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Treasurer discussion to resume tonight

UPDATED, May 1: A Special Town Meeting on Wednesday, April 26, supported waiting 14 months to see how the state acts on recreational-marijuana rules and backed "the other piece of the puzzle" on zoning bylaws affecting property and homes built there.

After the break, the second session of the annual meeting resumed with pithy discussion of limits on plastic bags, which the meeting cast an overwhelming vote in favor, 188-21. A Pride Commission, to support those in the LGBTQIA+ community, drew an even stronger vote, 189-12.

Discussion of the article seeking to have the town treasurer become an appointed position spurred familiar factions and was continued until Monday, May 1. A plan to study the use of surveillance tachnologies in town (read a related story at Cambridge Day) has received no action, but the article about parking-benefits districts was to be discussed.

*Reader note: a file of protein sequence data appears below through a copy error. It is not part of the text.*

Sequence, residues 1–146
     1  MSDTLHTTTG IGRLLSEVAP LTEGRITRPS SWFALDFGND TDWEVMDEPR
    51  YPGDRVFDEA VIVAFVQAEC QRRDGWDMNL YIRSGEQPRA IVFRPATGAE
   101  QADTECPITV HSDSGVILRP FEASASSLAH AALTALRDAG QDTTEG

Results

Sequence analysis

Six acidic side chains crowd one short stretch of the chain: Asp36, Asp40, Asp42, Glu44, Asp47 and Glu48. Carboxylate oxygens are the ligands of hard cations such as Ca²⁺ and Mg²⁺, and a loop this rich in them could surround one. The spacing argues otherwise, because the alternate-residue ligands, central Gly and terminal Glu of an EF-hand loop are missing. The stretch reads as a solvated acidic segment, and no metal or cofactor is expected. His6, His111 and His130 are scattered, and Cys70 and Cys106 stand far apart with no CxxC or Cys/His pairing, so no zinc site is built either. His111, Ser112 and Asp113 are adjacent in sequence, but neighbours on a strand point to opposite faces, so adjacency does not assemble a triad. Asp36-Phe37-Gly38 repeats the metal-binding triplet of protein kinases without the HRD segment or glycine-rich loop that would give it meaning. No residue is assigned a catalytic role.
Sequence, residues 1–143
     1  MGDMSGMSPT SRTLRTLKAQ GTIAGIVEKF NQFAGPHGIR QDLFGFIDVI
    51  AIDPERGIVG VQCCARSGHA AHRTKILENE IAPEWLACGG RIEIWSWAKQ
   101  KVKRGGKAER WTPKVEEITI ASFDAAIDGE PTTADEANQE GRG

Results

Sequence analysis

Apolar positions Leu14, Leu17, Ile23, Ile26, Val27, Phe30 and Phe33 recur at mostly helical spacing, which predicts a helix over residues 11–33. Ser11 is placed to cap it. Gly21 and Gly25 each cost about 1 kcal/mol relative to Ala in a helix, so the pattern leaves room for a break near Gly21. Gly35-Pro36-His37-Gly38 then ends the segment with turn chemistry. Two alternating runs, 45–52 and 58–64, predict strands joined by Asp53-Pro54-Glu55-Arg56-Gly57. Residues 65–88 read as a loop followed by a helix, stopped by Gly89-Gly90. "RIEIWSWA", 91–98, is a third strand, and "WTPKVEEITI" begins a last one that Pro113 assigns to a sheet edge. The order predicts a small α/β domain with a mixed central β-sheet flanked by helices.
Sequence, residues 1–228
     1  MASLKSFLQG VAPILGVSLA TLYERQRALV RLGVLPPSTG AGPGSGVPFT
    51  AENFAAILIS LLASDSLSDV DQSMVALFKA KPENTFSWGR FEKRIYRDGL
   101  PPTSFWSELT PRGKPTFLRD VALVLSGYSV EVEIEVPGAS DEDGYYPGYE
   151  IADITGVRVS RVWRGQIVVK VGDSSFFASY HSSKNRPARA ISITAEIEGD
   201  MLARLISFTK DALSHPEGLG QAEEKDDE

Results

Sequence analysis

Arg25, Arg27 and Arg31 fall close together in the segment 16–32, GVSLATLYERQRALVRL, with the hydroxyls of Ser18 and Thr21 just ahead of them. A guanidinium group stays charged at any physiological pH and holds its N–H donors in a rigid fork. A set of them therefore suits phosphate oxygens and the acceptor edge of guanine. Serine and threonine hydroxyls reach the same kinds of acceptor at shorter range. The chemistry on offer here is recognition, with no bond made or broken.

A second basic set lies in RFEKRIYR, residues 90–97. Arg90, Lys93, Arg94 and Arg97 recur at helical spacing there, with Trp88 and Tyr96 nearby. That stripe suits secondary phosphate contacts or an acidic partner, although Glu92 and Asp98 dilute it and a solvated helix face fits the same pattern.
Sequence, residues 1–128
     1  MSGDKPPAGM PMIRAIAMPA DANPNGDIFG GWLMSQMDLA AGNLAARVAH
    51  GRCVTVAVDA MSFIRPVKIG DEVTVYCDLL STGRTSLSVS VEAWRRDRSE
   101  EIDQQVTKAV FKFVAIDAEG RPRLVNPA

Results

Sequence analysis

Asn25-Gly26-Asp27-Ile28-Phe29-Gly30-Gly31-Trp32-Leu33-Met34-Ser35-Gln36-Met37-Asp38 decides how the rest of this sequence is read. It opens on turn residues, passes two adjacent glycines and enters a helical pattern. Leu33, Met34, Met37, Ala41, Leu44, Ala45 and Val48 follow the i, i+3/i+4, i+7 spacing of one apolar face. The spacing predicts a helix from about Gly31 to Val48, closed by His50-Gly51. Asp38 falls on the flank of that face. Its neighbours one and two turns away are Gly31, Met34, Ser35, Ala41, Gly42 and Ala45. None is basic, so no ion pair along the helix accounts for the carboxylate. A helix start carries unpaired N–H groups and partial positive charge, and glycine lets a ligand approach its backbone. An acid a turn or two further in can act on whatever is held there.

Long-term actions, quotable comments

Apart from the actions of local democracy that will have a lasting impact on the town -- that is, the reason the majority here favor remaining a town -- the evening was one of notable quotes.

One emerged as Article 1 (Open-space definitions) was heard. Elizabeth Pyle (10) and Steve McKenna of the Residential Study Group (RSG) said the measure works with the already passed Article 8 to remedy housing-design issues by not allowing a bigger envelope and permitting the longest dimension of open space to be smaller.

Commenting on those seeking to discourage the garage-under design, Joe Tully (14) eyed simplicity. "Why not ban the garage-under?" he asked, admitting that the verb he used was likely a "dirty word."

Redevelopment Board Chair Andrew Bunnell said the RSG talked to many, and some still wanted versions of the design, so article was a compromise.